After I went through that season I started having lots of people speaking into my life. Who had seen rapid growth or pastored larger churches. And they just said, “Hey, you need to make a change.” I can remember sitting down with a Baptist pastor who had pastored a church that was 2-3,000. He asked how I was utilizing my week and I told him. And he just said, “No way…no way.” And I said, “Yeah, is that weird?” He was just horrified by how I was leading, by what I was doing. “You need to hand that off.” I can remember the restaurant I was at when he met with me and was encouraging me.
In one part of your book you write about The Practice of the Presence of God. Are there other books that are very influential in your prayer life besides that one that you would recommend?
Again, I’d mention Richard Foster’s Celebration of Discipline. Also his book on prayer. The Pursuit of God by A.W. Tozer is so good. Knowing God by J.I. Packer isn’t directly about prayer, but it kind of is. Those would be the first few ones I’d list off. Foster’s book on prayer was shaping for me. Just those different aspects because he talks about different kinds of prayer. Prayers I never would’ve thought about praying before. Like the prayer of examination, just examine your heart – Psalm 139, “search me oh God and examine my heart.” That was a huge shaping book. The Pursuit of God by Tozer was my first old school book that I can remember reading. It was even an older version of it because it even smelled funky because it was old. I can remember going through it and thinking “wow,” just coming alive and hearing someone’s passion and heart for the Lord and their own pursuit for him was strengthening to mine. That was shaping.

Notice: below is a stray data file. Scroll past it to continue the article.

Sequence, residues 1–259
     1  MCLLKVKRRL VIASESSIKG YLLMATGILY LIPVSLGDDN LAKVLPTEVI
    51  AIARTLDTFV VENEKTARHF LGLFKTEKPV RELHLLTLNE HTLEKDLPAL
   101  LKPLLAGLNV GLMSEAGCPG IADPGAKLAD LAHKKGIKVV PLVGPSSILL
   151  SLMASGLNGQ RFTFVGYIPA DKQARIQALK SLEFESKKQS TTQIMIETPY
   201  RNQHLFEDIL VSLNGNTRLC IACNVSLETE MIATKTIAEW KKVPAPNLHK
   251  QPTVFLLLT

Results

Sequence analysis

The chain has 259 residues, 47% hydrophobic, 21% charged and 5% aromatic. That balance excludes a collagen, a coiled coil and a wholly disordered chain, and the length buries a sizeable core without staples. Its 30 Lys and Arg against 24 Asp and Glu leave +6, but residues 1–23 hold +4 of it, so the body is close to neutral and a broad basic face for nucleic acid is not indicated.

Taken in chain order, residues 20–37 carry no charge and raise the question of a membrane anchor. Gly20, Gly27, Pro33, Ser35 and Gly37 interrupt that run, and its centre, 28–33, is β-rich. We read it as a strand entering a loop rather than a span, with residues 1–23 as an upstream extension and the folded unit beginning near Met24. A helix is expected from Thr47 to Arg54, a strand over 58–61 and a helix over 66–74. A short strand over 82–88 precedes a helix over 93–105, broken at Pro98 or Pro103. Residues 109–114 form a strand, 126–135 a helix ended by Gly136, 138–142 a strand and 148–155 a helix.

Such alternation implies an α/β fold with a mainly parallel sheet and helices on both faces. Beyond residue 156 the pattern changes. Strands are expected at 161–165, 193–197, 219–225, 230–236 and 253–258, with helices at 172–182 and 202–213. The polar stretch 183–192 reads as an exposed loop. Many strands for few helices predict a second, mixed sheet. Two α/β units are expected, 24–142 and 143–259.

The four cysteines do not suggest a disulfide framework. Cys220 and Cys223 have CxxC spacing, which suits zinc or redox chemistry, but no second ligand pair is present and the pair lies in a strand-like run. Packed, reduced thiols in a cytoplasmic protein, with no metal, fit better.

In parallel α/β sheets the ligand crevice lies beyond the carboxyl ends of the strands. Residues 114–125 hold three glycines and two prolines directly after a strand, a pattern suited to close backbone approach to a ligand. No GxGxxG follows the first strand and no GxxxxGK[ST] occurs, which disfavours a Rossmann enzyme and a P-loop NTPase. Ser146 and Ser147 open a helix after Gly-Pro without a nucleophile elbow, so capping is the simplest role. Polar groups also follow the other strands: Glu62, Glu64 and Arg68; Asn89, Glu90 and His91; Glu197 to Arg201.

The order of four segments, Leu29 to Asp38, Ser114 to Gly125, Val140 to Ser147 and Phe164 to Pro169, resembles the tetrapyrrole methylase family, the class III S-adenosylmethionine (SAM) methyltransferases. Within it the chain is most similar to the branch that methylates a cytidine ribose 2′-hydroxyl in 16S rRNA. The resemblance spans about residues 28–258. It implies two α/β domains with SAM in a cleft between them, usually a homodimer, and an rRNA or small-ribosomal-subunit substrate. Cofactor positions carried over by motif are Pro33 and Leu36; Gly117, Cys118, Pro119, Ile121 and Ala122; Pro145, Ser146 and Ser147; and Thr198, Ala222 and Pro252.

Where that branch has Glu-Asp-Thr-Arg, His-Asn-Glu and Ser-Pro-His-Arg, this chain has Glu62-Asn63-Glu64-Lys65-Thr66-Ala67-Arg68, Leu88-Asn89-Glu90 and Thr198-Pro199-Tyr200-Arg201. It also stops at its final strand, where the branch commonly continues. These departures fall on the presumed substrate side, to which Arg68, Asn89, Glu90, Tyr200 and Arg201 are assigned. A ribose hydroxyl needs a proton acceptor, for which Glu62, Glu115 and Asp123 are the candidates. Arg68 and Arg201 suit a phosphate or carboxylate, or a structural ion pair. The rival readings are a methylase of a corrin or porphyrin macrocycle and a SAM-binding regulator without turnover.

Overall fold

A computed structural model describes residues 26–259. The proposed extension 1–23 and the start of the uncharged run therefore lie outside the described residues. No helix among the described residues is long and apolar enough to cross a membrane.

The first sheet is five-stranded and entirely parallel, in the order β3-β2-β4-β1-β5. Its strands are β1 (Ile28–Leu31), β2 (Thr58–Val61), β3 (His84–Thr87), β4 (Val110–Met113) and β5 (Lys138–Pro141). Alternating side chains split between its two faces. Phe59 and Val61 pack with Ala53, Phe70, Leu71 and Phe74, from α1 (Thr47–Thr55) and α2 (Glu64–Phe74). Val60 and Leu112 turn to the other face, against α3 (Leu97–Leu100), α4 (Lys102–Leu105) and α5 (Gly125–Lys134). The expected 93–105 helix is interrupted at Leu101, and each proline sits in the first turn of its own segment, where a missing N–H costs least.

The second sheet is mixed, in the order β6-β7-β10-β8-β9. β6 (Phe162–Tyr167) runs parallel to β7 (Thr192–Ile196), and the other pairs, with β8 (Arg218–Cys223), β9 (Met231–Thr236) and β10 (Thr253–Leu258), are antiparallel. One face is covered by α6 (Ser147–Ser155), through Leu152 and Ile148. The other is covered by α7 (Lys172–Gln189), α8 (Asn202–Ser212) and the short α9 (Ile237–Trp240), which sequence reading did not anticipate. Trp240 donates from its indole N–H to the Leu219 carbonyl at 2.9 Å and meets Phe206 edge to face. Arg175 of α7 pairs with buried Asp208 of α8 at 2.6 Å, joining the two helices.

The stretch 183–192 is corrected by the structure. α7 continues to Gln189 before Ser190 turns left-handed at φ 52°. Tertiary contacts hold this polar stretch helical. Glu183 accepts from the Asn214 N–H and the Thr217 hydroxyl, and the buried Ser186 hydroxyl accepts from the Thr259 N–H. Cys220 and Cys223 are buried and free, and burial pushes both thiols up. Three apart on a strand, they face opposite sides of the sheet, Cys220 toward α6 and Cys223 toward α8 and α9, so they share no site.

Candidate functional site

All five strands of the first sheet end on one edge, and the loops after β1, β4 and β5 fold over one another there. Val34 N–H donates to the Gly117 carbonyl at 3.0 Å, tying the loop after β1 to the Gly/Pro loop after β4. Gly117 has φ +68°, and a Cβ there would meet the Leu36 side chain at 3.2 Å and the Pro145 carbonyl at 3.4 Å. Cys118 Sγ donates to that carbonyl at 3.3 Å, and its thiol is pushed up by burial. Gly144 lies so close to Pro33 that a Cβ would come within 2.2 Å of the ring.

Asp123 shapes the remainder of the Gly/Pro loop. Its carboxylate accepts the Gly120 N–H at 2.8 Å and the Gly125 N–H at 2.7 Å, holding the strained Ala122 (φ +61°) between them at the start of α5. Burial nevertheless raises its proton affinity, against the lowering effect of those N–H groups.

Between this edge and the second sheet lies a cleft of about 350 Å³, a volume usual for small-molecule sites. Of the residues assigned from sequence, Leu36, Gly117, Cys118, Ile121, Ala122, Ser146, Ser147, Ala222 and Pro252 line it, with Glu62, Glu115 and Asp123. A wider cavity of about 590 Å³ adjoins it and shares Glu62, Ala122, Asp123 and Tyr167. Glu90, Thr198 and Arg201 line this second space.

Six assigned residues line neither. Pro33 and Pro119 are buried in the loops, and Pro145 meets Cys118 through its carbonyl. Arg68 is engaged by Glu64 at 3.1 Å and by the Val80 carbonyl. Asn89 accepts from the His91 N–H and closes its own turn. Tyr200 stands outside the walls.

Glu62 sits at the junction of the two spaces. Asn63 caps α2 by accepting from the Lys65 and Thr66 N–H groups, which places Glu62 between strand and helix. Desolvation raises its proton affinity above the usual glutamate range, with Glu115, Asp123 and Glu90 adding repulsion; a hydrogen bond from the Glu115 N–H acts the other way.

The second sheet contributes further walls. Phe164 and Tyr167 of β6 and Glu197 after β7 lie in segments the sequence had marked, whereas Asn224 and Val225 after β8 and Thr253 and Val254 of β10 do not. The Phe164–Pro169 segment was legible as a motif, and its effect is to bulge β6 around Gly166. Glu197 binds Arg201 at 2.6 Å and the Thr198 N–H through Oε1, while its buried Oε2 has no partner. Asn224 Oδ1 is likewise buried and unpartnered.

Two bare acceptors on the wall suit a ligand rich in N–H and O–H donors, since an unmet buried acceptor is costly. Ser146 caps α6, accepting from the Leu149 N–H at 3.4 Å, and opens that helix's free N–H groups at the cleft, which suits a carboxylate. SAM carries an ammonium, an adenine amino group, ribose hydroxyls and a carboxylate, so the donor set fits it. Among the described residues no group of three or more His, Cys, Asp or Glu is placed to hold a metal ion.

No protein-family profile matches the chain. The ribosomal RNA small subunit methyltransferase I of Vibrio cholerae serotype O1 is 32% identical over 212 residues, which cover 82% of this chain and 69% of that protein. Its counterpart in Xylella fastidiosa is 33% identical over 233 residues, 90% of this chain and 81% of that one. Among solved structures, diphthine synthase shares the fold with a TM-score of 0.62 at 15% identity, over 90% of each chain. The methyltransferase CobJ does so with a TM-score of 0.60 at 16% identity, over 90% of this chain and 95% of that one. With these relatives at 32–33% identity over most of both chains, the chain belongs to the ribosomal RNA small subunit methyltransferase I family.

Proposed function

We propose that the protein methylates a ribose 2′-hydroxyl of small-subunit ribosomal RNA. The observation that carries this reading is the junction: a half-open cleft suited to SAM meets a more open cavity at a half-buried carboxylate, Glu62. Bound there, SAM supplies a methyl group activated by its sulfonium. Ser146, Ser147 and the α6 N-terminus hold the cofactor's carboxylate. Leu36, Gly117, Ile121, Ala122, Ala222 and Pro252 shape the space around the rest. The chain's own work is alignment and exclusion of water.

There was a time before you grew that your district superintendent told you, “Yeah, we’ll just close this church.” Describe the drive home after that meeting.
Yeah and it was never said in a threat-filled way or anything like that. [But] I was totally broken. On my drive home, I was totally broken. I was already tired and so unsure of myself and yet I knew I loved the church. And I just had this feeling with a few changes I felt like we’d grow, but I didn’t have any proof of that. You know you have gut feelings, but after three years of trying to grow and you haven’t, gut feelings don’t really do a whole lot.
Then we got assigned a pastor type coach a week or two after that. He’d met with our team and had heard the story and he said, “Next month, you guys are going to grow, and you’re going to grow and grow.”
And I said, “I think you’ve not listened to anything we’ve said to you.” I said, “How did you get to that?” It was so crazy I almost didn’t want to listen to him. The last thing he said to us, which was so ironic, he said, “I want you guys to start praying about when you’re going to launch a campus off this church.”